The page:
The Gordon Brown we saw on this morning's Andrew Marr programme was the leader we have long been promised by his supporters, but the one we too seldom see. He was concise, passionate and forceful in setting out what needs to be done on expenses and what he believes needs to happen on democratic reform. By contrast, David Cameron delivered a below par performance on Sky minutes later.
But with polls variously putting Labour on 16% in the European elections and 22% in national rankings, it all has a bit of a feel of too little, too late. Obviously, I hope Labour does better than the polls suggest on Thursday, and on Europe the expenses saga has utterly obscured the extremism of the Tories (in their plans to hop into bed with Europe's looniest parties rather than the moderate Christian Democrats) and the utter barminess of UKIP, a party which knows a thing or two about fiddling expenses. But the truth on Friday is that the party will be facing a huge electoral headache.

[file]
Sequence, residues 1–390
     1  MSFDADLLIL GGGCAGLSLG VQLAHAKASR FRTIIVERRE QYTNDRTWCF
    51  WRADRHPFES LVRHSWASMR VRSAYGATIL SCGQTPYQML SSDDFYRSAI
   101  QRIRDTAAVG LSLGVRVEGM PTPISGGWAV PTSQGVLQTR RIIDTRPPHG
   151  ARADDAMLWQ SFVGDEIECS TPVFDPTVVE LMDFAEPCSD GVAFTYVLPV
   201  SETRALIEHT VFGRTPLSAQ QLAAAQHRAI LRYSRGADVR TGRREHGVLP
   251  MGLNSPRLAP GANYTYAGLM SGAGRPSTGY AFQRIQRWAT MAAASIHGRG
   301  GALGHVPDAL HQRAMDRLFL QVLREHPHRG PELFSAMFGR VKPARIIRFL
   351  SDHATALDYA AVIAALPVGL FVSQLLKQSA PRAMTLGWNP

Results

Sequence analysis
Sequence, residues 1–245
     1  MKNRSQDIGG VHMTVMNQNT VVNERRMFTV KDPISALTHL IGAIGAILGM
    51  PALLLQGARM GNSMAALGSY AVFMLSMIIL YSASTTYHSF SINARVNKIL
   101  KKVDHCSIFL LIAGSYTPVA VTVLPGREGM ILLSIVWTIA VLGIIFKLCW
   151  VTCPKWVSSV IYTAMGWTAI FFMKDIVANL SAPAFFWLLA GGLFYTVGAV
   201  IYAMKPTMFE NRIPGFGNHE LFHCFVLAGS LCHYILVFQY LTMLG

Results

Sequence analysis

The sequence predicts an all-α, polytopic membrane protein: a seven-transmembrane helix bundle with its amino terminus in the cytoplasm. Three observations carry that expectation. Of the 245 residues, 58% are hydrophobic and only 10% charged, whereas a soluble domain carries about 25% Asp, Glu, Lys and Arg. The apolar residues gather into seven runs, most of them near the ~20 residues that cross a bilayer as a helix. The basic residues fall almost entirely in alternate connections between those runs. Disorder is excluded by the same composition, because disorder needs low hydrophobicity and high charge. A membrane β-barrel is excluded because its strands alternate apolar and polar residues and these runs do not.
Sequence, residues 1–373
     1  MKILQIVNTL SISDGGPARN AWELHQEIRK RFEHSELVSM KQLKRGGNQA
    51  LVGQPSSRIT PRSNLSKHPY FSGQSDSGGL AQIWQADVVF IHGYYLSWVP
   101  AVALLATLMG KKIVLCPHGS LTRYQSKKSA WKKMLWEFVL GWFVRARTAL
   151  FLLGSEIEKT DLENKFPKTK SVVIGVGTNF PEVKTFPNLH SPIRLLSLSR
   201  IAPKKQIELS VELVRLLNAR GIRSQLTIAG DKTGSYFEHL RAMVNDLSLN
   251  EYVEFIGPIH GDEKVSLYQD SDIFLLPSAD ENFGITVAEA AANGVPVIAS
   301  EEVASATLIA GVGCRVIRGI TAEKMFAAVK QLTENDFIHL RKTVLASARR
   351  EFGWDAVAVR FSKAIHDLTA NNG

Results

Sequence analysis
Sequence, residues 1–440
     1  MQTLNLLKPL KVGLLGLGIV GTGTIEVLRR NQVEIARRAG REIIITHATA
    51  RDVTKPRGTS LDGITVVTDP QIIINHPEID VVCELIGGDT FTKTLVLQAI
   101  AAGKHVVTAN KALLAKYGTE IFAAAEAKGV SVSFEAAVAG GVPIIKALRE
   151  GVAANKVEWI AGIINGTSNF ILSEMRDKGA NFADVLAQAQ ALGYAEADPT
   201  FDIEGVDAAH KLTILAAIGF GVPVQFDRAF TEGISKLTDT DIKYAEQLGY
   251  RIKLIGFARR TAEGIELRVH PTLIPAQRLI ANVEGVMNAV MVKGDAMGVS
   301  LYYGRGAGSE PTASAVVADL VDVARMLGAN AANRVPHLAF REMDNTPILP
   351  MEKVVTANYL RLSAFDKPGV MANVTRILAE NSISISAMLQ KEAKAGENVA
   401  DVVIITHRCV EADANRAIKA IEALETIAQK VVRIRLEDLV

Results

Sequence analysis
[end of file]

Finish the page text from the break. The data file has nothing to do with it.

At that stage, Labour will need to decide what it does next. I am sceptical of a reshuffle whose central feature is installing Ed Balls as Chancellor, though I tend to believe little of what I read on the front page of the Sunday Times. But Brown's hint of a more bipartisan approach to government in this morning's Marr interview was more promising and is much more the direction people want after the last few weeks. He should be braver on electoral as well as democratic reform too: Cameron's cretinous suggestion that putting a new electoral system to the voters in a referendum is somehow anti-democratic exposes his plans (to cut the number of Labour MPs)in all their partisan vacuousness; Brown should be braver and openly less partisan.
It is a shame we have seen so little of the Gordon Brown we saw this morning over the last two years. But if it is a signal of a new way of doing things, it may offer a chance of some recovery after Thursday. Otherwise, there may well need to be bigger and tougher decisions made about the future leadership of the party. But it would be best for Labour and for the stability of the economy as we try to recover from the recession if we didn't need to reach that point ahead of the next election.